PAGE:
The best of the initial series of "made in space" IMAX films, The Dream Is Alive
is a wonderful introduction to space travel for young and old alike. The national shuttle program was only four years old when this 35-minute documentary was released in 1985, and the film emphasizes the differences between the shuttle and conventional rockets. The opening shot of a shuttle returning to the Earth like a plane is an unmistakable difference. We follow two flight crews through training, rehearsals, and (mostly) the flight. The crystal-clear images of Earth do not have the same impact that they do in a large-format IMAX theater, but they are still a wonder to behold, especially with the effective narration by Walter Cronkite--for many the voice of America's heyday in space. Director Graeme Ferguson keeps the film streamlined and never preachy (unlike the companion film, Blue Planet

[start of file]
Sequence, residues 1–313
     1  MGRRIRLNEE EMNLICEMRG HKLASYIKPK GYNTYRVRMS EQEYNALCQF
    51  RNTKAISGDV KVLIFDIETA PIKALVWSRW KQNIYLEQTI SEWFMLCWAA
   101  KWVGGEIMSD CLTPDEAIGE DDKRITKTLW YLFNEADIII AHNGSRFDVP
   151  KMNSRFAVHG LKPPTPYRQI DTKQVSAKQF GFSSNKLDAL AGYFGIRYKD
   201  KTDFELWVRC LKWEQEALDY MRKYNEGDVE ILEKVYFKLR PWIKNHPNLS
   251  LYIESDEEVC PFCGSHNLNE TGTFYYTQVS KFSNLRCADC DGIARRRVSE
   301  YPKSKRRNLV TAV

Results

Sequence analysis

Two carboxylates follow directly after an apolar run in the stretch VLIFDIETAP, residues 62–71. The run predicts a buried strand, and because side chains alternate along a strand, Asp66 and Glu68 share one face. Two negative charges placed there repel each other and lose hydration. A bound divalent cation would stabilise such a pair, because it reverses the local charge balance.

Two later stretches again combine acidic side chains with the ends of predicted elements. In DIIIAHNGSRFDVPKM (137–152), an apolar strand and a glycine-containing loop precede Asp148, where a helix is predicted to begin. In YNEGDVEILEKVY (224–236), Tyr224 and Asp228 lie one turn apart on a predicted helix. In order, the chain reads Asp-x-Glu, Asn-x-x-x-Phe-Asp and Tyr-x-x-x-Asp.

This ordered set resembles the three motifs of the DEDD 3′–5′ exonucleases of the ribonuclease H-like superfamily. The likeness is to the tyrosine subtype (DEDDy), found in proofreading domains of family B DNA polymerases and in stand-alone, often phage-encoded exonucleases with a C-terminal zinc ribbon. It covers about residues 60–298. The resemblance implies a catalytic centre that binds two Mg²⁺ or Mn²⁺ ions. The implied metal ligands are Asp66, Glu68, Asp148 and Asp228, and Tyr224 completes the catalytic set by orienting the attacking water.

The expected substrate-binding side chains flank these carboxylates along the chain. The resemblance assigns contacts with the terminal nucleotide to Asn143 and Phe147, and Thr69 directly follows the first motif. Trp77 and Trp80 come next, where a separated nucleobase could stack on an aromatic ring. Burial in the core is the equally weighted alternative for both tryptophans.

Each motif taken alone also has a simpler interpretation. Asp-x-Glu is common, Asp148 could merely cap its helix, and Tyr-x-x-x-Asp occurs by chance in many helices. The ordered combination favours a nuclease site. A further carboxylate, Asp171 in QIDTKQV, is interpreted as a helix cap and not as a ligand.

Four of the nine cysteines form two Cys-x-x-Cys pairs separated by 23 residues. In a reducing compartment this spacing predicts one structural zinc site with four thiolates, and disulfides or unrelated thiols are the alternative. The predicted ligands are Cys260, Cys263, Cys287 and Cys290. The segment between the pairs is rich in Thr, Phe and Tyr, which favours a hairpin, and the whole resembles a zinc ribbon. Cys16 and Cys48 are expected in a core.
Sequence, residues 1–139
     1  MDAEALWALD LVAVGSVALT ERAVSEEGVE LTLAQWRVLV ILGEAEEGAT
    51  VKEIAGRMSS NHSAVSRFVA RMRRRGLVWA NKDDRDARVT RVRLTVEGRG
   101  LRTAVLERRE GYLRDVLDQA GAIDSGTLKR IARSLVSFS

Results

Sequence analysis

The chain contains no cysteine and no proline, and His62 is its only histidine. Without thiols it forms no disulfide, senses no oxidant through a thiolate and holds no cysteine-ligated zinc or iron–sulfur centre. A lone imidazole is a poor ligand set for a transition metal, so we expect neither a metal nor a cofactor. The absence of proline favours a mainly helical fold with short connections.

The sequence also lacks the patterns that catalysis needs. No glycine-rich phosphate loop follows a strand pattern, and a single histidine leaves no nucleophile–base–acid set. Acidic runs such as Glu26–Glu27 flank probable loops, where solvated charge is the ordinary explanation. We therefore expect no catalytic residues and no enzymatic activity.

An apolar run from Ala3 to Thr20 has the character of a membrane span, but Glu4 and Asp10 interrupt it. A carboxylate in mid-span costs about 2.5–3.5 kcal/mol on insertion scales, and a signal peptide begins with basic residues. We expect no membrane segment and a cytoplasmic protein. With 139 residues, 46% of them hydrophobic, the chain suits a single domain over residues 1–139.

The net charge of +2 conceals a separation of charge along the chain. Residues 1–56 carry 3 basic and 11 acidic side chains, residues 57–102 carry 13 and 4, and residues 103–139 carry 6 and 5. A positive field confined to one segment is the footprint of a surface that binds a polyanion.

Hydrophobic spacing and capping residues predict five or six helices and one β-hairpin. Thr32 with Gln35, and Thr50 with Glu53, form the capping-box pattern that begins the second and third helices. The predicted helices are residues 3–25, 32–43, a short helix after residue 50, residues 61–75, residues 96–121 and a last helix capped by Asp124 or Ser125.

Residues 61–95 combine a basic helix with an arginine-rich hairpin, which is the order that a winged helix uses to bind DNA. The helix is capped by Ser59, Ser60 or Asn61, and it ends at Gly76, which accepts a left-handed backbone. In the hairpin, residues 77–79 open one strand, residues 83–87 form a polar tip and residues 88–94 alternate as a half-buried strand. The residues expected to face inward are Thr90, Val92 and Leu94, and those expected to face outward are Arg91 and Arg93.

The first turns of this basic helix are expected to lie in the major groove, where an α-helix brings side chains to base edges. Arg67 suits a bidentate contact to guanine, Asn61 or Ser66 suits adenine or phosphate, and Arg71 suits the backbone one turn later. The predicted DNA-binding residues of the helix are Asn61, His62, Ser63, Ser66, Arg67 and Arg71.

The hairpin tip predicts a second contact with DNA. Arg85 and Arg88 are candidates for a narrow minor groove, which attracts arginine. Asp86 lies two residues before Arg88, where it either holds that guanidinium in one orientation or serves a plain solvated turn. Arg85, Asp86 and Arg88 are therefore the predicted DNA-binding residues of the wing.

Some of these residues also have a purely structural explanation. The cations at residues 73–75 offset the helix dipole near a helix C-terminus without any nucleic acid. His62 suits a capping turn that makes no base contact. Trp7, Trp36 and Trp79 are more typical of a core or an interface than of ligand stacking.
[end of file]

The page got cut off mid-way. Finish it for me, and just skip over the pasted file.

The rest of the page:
). With a big assist from Star Wars
sound designer Ben Burtt, The Dream Is Alive
builds excitement through footage that includes three electrifying launches. The film was released a year before the Challenger
disaster, and played in rotation after the accident as an emotional pull to return to the heavens. On that note, the film delivers the message that despite the risks, our future is in space. (For ages 5 and older.) --Doug Thomas
Journey into space alongside the astronauts on the space shuttle as they orbit around the Earth, floating as never before over the towering Andes, the boot of Italy, Egypt and the Nile. Witness firsthand a tension-filled satellite capture and repair and the historic first spacewalk by an American woman.